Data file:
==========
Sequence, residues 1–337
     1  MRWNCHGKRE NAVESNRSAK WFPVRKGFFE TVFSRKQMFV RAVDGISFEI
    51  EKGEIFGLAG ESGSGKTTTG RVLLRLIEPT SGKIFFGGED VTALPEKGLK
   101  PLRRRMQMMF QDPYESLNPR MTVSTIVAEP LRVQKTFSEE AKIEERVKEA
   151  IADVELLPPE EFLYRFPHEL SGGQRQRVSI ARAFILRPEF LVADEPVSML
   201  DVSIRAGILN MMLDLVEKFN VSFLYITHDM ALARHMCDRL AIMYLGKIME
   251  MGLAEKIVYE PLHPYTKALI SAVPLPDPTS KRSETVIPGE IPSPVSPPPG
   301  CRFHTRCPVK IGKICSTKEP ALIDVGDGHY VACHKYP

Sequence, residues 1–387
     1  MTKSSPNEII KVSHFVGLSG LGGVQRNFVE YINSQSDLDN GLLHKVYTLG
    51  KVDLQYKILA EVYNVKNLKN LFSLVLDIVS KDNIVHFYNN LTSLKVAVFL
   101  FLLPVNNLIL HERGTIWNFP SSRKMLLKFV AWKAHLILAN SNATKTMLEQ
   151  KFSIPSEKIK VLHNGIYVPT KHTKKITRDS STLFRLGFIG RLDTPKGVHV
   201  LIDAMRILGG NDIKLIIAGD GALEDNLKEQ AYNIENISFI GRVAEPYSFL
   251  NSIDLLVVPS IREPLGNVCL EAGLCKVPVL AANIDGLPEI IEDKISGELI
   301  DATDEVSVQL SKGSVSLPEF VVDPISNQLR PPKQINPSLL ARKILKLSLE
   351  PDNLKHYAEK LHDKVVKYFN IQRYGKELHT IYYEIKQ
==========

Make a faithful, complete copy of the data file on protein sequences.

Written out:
Sequence, residues 1–337
     1  MRWNCHGKRE NAVESNRSAK WFPVRKGFFE TVFSRKQMFV RAVDGISFEI
    51  EKGEIFGLAG ESGSGKTTTG RVLLRLIEPT SGKIFFGGED VTALPEKGLK
   101  PLRRRMQMMF QDPYESLNPR MTVSTIVAEP LRVQKTFSEE AKIEERVKEA
   151  IADVELLPPE EFLYRFPHEL SGGQRQRVSI ARAFILRPEF LVADEPVSML
   201  DVSIRAGILN MMLDLVEKFN VSFLYITHDM ALARHMCDRL AIMYLGKIME
   251  MGLAEKIVYE PLHPYTKALI SAVPLPDPTS KRSETVIPGE IPSPVSPPPG
   301  CRFHTRCPVK IGKICSTKEP ALIDVGDGHY VACHKYP

Sequence, residues 1–387
     1  MTKSSPNEII KVSHFVGLSG LGGVQRNFVE YINSQSDLDN GLLHKVYTLG
    51  KVDLQYKILA EVYNVKNLKN LFSLVLDIVS KDNIVHFYNN LTSLKVAVFL
   101  FLLPVNNLIL HERGTIWNFP SSRKMLLKFV AWKAHLILAN SNATKTMLEQ
   151  KFSIPSEKIK VLHNGIYVPT KHTKKITRDS STLFRLGFIG RLDTPKGVHV
   201  LIDAMRILGG NDIKLIIAGD GALEDNLKEQ AYNIENISFI GRVAEPYSFL
   251  NSIDLLVVPS IREPLGNVCL EAGLCKVPVL AANIDGLPEI IEDKISGELI
   301  DATDEVSVQL SKGSVSLPEF VVDPISNQLR PPKQINPSLL ARKILKLSLE
   351  PDNLKHYAEK LHDKVVKYFN IQRYGKELHT IYYEIKQ